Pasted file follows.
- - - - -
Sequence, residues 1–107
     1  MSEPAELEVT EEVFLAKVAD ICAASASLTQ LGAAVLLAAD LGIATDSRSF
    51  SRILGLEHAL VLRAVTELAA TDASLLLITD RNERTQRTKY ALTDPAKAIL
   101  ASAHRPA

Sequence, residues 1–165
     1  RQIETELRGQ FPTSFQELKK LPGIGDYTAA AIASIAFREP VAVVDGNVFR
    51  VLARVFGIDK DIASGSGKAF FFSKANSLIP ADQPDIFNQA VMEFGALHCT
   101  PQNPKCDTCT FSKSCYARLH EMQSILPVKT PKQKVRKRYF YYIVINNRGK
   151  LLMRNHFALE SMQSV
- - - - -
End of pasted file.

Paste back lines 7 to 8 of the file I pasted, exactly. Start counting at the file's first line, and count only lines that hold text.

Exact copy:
    51  VLARVFGIDK DIASGSGKAF FFSKANSLIP ADQPDIFNQA VMEFGALHCT
   101  PQNPKCDTCT FSKSCYARLH EMQSILPVKT PKQKVRKRYF YYIVINNRGK